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    1. You and I have some different opinions in this area, which is why I always enjoy seeing your opinions and thoughtful comments. I believe the reason the programs you mentioned are struggling has more to do with the way they were established and the limitations each possesses. That doesn't mean the issues aren't very serious and will take a lot more intelligence from Washington to solve than we have seen for quite awhile. But, that is for another post.

      One thing you and I agree on: leaving a nest egg for our kids. This is a firm commitment from Betty and me. It does raise the perplexing question of how much we should sacrifice during our retirement years to make sure that happens. I will have a post on that subject in a few weeks, but, the subject always generate some strong opinions.

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    2. I agree with much of what you say, Chuck Y. More personal responsibility is needed rather than more government intrusion.

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  4. Very good points and history lesson. I know my sons and DILs have taken to heart the fact that they are responsible for funding their later years and Social Security or inheritances are going to be a bonus. I have to admit that we did count on Social Security in our plans as one element but did not count on inheritances. Most importantly we did not count on the ability (health or opportunity wise) to work in our later years. Lots of people, Baby Boomers included, are going to be unpleasantly surprised at their financial situation past 65. I know we have relatives who are in that boat now having not had any longer term perspective in their financial decision making their entire adult lives. That being said we also have friends who have taken an honest look at how little they have and moved to low cost areas and created happy lives on very little.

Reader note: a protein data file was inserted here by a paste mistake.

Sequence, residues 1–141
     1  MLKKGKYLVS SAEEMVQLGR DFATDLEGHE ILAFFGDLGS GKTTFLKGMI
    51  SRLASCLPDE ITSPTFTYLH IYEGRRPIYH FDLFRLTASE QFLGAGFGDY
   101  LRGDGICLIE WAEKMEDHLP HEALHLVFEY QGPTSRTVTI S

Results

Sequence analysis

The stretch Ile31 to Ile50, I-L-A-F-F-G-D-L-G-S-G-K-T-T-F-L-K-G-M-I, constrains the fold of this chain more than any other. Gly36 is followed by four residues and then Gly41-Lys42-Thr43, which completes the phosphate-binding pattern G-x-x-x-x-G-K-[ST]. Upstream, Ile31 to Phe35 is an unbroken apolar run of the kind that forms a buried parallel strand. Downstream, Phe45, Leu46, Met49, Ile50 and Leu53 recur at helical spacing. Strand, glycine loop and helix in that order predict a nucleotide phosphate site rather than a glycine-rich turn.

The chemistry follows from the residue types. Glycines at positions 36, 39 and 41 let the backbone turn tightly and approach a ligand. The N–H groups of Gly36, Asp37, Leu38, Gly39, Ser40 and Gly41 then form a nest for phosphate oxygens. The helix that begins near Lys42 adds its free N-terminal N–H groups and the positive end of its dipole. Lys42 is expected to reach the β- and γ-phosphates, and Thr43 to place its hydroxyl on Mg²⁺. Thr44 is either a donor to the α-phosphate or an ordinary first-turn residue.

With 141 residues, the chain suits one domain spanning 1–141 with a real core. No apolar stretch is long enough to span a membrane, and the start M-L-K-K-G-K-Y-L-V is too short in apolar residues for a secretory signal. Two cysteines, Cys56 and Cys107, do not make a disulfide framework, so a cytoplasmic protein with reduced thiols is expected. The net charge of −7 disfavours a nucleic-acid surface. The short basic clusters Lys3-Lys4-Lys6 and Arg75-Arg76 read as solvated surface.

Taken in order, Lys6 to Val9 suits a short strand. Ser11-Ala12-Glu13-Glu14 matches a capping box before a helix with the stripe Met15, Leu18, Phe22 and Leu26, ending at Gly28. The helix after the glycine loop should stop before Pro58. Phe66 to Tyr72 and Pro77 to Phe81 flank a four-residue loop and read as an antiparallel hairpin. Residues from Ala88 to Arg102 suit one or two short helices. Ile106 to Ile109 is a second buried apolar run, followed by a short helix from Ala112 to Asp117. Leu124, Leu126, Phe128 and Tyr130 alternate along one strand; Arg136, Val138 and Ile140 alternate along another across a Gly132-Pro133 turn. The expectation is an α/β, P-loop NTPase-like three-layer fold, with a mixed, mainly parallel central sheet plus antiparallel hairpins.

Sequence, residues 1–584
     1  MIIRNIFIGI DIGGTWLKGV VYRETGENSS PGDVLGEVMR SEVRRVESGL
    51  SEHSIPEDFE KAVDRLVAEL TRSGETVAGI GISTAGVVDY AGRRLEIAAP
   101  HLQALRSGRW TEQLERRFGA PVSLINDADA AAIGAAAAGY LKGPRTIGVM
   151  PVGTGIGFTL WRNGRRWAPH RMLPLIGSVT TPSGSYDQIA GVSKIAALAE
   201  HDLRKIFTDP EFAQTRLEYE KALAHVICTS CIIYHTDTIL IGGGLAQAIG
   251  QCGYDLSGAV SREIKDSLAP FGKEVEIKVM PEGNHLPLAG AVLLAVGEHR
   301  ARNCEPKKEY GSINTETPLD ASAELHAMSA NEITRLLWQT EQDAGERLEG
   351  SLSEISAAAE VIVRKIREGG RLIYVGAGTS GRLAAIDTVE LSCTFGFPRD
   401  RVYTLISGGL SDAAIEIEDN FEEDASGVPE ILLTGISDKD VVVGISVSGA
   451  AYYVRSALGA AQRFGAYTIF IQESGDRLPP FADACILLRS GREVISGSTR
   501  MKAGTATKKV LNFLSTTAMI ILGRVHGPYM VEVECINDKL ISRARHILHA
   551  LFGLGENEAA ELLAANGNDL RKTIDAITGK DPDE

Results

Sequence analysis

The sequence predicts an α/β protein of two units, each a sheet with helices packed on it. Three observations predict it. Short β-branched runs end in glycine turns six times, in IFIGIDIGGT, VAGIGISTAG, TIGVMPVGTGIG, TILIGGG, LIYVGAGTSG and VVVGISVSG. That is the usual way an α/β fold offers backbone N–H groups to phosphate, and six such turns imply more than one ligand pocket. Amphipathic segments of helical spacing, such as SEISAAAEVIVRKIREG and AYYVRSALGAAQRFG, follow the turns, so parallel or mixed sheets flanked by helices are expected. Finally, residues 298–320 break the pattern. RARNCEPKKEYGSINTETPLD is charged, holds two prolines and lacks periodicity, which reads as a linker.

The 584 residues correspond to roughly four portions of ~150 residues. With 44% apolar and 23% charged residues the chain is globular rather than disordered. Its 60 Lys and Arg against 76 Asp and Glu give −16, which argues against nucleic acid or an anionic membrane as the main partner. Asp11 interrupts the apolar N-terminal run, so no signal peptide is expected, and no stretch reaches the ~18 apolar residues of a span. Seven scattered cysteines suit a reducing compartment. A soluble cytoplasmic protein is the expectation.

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    1. The rules of behaving responsibly with money and lifestyle are learned early on. At 65, someone who has never budgeted or denied a want is not going to suddenly become fiscally smart.

      Like you, we knew we had an inheritance coming but did not count on it at all in our planning. In fact, that money will likely be what becomes our kids' inheritance when the time comes. We are giving them a portion of that money each year, realizing that waiting until we are gone will mean the money that they will eventually receive won't have been available when it would have been the most needed: raising and educating young kids.

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  5. The problems caused by our generation need to be solved by the same people. Some of the ideas I have heard?
    1) If you did not contribute to SS, then you should not be able to withdraw from it. What that means is if only one spouse worked, then the other receives nothing until the spouse who worked passes (leaving them a widow or widower). This is not about SSI (which also needs to be addressed).
    2) If you have a generous 401K/IRA/SEP income, then your SS should be cut back. Yup, that would be income based SS. That would leave more for those who really need it. SS was put together, originally, for the poor, widow and orphans....
    The same can be said about Medicare... the golden goose. Why should all of society pay for upper middle class treatments when they can pay for it/ afford insurance? Of course this MAY cut back on inheritance.
    These should not be grandfathered. They should be for those who are currently receiving and will soon receive. You want to see health costs go down? Start having people pay for those end of life treatments.